The SUSTAIN Index was bolstered by the performance of 7 of the 10 member funds that exceeded the results achieved by the non-sustainability oriented broad market index. The best and worst performing funds were both managed by Parnassus Investors. Parnassus Core Equity Fund, the largest actively managed sustainable fund with $15.4 billion in net assets, was the best performer in March with its total return of -0.71%.  The large cap-blended portfolio is less exposed to the Financials and Information Technology sectors that during the month saw declines of -4.46% and -3.95%, respectively.  At the same time, some, but below benchmark level investments in the only three positive performing sectors, Utilities (+3.41%), Real Estate (+3.26) and Energy (1.55%), offered support.  The fund also benefited from stock holdings, such as the almost 6% position in Intel Corp. that for the month of March at least, rose around 6% before falling back in early April on news that Apple may replace Intel in its PCs. In contrast, the more concentrated $5.2 billion Parnassus Endeavor Fund was the month’s worst performing fund in the index. Investing in companies offering outstanding workplaces, the fund avoids firms in the extraction, exploration, production, manufacturing, or refining of fossil fuels sectors.   The fund didn’t have any exposure to the Utilities, Real Estate and Energy sectors and was also hampered by its concentrated 10.06% exposure to QUALCOMM that was down around -10% in the month on news that Broadcom’s attempts to acquire the company have been blocked. Stock selection aside, the fund’s March performance was depressed due to its overweight exposure to the Healthcare sector which was down -3.21%.  Refer to Chart 1.

SUSTAIN Large Cap Equity Fund Index Performance Results- March 2018, 1st Quarter and Trailing 12 months

Not unexpectedly, there is a high correlation between the member funds’ performance results in March and their results for the quarter. The SUSTAIN Index is also slightly ahead of the S&P 500 Index for the quarter, posting a return of -0.48% versus -0.76%, or an advantage of 28 bps, aided by the results achieved on the part of Calvert Equity A (-1.14%), TIAA-CREF Social Equity Fund Institutional (-1.49%), and the Neuberger Berman Socially Responsible Institutional Shares (-1.7%).  Each of these funds recorded positive outcomes year-to-date.  The quarter’s relative results bring the SUSTAIN Equity Index to within 150 bps of the S&P 500 Index with its year-to-date gain of +12.5% versus +14.0% for the S&P 500.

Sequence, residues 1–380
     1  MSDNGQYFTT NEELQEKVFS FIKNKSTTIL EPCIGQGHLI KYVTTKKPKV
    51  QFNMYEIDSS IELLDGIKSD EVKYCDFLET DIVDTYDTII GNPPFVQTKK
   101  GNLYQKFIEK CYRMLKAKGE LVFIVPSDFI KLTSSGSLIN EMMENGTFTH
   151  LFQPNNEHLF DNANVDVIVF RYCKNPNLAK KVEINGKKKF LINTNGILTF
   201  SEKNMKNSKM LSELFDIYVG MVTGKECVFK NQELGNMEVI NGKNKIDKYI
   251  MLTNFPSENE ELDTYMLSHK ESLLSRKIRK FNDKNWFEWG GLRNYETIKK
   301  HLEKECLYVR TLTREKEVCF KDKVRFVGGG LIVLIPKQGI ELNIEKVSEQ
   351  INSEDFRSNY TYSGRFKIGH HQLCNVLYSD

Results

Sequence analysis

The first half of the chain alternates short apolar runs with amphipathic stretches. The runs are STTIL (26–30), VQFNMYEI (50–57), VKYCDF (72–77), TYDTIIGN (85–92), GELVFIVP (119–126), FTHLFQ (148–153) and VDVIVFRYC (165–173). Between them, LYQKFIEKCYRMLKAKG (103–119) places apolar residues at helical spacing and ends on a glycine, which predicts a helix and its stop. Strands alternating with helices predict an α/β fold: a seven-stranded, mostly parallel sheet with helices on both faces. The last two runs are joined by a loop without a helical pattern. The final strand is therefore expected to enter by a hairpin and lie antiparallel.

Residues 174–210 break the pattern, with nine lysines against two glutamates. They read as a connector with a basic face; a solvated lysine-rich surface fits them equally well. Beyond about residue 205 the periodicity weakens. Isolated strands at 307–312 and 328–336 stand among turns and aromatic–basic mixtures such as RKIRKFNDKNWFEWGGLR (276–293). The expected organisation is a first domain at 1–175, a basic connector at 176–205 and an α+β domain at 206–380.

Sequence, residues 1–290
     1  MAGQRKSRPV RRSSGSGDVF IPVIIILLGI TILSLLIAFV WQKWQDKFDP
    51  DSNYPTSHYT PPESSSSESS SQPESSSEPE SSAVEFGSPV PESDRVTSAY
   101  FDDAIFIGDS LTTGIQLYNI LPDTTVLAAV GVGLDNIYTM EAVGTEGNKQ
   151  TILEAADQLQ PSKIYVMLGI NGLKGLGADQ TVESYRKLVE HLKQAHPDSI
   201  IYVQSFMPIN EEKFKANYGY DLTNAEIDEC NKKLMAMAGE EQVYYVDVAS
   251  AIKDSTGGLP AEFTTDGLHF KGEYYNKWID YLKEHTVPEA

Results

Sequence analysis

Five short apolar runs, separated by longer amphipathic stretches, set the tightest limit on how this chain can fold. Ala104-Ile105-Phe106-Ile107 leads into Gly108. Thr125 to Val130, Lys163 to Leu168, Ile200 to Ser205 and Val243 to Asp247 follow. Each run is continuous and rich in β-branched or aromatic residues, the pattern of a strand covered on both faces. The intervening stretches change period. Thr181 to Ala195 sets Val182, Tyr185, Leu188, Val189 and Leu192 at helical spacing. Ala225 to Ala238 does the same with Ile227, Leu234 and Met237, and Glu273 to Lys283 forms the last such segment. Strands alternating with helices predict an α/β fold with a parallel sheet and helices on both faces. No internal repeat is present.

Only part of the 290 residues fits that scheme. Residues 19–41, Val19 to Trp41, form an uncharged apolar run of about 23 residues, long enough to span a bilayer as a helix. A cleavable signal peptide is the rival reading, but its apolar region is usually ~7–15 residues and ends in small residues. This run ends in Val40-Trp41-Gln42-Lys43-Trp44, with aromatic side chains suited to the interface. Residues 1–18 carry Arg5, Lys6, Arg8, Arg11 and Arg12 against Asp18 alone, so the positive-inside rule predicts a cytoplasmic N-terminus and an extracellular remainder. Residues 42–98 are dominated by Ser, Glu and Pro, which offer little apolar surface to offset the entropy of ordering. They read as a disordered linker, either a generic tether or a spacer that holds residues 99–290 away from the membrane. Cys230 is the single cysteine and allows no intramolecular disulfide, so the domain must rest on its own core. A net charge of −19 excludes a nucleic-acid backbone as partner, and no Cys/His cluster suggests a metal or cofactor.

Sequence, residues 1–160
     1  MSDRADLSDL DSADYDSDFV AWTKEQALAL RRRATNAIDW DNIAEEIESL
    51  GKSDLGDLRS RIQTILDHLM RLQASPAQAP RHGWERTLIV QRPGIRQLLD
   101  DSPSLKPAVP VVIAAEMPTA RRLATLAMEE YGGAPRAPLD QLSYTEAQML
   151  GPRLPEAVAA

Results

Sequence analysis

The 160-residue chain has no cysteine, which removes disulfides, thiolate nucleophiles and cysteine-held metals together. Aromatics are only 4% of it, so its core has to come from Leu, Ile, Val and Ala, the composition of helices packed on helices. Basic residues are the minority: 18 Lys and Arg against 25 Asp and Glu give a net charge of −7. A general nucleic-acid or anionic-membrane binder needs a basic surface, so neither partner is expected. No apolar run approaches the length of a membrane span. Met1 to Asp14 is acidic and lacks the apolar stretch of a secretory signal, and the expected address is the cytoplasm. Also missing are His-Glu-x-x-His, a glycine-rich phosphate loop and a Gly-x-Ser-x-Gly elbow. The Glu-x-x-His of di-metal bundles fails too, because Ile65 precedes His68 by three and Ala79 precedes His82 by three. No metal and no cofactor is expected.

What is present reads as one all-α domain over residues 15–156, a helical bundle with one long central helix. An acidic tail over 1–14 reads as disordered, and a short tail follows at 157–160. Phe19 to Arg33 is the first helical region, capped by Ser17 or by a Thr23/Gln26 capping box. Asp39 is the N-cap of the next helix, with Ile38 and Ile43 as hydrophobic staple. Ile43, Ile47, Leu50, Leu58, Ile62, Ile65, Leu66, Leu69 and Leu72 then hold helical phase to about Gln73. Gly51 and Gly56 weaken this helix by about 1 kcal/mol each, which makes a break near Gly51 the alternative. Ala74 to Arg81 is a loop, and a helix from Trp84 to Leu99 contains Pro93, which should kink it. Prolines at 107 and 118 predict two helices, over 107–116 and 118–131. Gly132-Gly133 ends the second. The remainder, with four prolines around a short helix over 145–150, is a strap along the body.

Sustainable Bond Funds Post Positive Results in March but Slightly Lag the BBgBarc U.S. Aggregate Bond Index

U.S. bonds in the aggregate were a bright spot for investors during the month, given their positive return and recovery from two consecutive months of negative outcomes. The BBgBarc U.S. Aggregate Bond Index posted an increase of 0.64% while a cohort of five sustainable corporate intermediate-term bonds, members of the Sustainable (SUSTAIN) Bond Fund Indicator, recorded a +0.50% gain. Each of the five funds achieved positive results ranging from a low of 0.29% for the PIMCO Total Return ESG Institutional Fund to a high of 0.72% posted by Praxis Impact Bond I.  Benefiting from declining interest rates that dropped by 13 basis points from 2.87% on the 10-year Treasury to 2.74% at the end of March, the five bond funds regained some ground after giving up an average -1.0% in January and -0.75% in February. Still, the gain in March was not sufficient to offset these results and the SUSTAIN Bond Fund Indicator remained in the red for the first quarter.  It produced a loss of -1.24% versus -1.46% for the BBgBarc U.S. Aggregate Bond Index

The Sustainable (SUSTAIN) Bond Fund Indicator represents the total return performance of a cohort of five sustainable bond funds consisting of similarly managed funds that, like the equity index counterpart, employ sustainable investing strategies beyond absolute reliance on exclusionary practices that track the BBgBarc U.S Aggregate Bond Index.